EUROVISION is a baffling creature - it's a place where every bad music cliché dives headfirst into a strange sea of kitsch, key changes and weird things that Europeans understand but no one else does (in fact, we're not even sure if the Europeans understand them).
In spite of it being a bizarre mix of turgid songcraft, pyrotechnics and sheer insanity, or perhaps because of those factors, Eurovision has grown in popularity in Australia in recent years, with last weekend's event proving to be a ratings hit for SBS and the hashtag #sbseurovision becoming the most popular trend on Twitter.
Here's five things we learnt from watching Eurovision:
Eurovision is musically behind the times
IT seems that the more music trends change, the more Eurovision stays the same. Or, if they do catch on to a recent music trend, it's a couple of years after it happened. For the most part this year, Eurovision was made up of three different types of songs - soaring ballad, club anthem, or novelty song. This year, Sweden's Loreen won with the club anthem
Here's Italy's entry this year:
England are getting desperate
THE UK are one of The Big Four. Along with Germany, Spain and France, they automatically reach the final of Eurovision each year because they are the biggest financial contributors to the European Broadcasting Union (this was recently expanded to a Big Five to include Italy). But despite the free ticket into Eurovision's big night, the Brits have struggled to bring home a good result in recent years. The most recent of their five wins was back in 1997 when Katrina & The Waves (of
Here's the UK's Jemini scoring a big fat zero in 2003:
Some countries still treat Eurovision as a joke
THE number of out-there, wacky entries in this year's final was pretty much one - the Russian grannies who finished second. Mind you, Albania's entry featuring a high-pitched squealing woman with dreadlocks was a close call, as was Ireland's returning singing twins Jedward, who appear to have more energy and confidence than is healthy. Apparently for the real gold in Eurovision 2012 you had to watch the semi-finals, where you would have caught San Marino's entry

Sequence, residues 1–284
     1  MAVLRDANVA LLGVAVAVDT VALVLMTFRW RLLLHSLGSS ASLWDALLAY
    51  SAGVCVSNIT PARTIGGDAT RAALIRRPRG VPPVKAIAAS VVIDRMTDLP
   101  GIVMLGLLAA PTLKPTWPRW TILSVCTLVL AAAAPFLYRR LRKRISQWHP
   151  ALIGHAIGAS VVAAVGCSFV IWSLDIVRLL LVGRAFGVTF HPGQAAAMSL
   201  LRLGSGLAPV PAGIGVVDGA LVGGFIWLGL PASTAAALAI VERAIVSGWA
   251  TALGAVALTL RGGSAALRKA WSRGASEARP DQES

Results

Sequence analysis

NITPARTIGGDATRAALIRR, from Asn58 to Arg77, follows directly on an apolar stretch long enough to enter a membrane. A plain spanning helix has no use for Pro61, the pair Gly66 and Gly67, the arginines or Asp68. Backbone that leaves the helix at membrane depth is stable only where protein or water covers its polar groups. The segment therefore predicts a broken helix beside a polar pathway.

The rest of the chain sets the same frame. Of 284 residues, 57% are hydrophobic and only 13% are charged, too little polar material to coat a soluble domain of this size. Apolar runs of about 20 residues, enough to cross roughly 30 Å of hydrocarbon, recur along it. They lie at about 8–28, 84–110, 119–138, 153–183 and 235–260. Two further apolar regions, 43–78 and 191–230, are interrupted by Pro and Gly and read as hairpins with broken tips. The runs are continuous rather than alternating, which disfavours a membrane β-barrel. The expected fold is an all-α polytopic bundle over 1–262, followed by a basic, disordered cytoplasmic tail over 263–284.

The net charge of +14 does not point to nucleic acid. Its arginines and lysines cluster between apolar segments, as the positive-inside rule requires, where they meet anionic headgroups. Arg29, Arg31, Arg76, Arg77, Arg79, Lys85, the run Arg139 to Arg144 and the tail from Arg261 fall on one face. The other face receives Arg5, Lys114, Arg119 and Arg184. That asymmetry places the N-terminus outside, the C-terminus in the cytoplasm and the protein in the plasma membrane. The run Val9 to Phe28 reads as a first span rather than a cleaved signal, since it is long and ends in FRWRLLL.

Here's Russia, not taking things seriously this year:
The songs that win aren't always that bad...
...BY Eurovision standards. Firstly, these songs can't be judged against truly great songs - they're not. But within the pop (and occasionally rock) sphere of what Eurovision calls music, they aren't totally bad. Sweden's winning song this year,
Here's Lena and the utterly charming song
Eurovision is a good thing
BEFORE you dismiss Eurovision as a totally pointless pile of schmaltzy cheese where performers win because of their stage gimmicks more than their actual songs, consider this: Eurovision is fun. For the thousands of people who take it seriously and flock to far-flung cities such as Baku and Talinn for the finals, it's the Olympics of camp and the World Cup of good times, all rolled into one. For the thousands of cynical Aussies watching it on TV, it's the equivalent of watching a movie that's so bad it becomes awesome, while incorporating the perfect opportunity for drinking games, witty quips and casual racism. The advent of Twitter only confirms this - the sharp one-liners outnumbered the tweets praising the actual music. Unfortunately, the comments posted on YouTube are less clever and far more overtly racist - Germany and Greece appear to be taking on the rest of Europe according to some comments attached to the video of Helen Paparizou's winning entry for Greece in 2005. Which brings us to the very reason Eurovision exists and why it's important. The competition was first discussed in the 1950s as Europe struggled to rebuild and reunite in the wake of World War II. It eventually began in 1956 in the hopes of unifying Europeans through the power of music - an idealistic but sweet notion that has kind of worked. The populations of former foes now vote for each other's songs in what has become known as "block voting" - the former Yugoslavian states vote for each other in increasingly predictable fashion, as do the former USSR nations. While the competitiveness may be strong between nations, the unifying qualities of Eurovision are stronger.
In 1998, transgender Israeli contestant Dana International won, going some way towards breaking down a few barriers around Europe: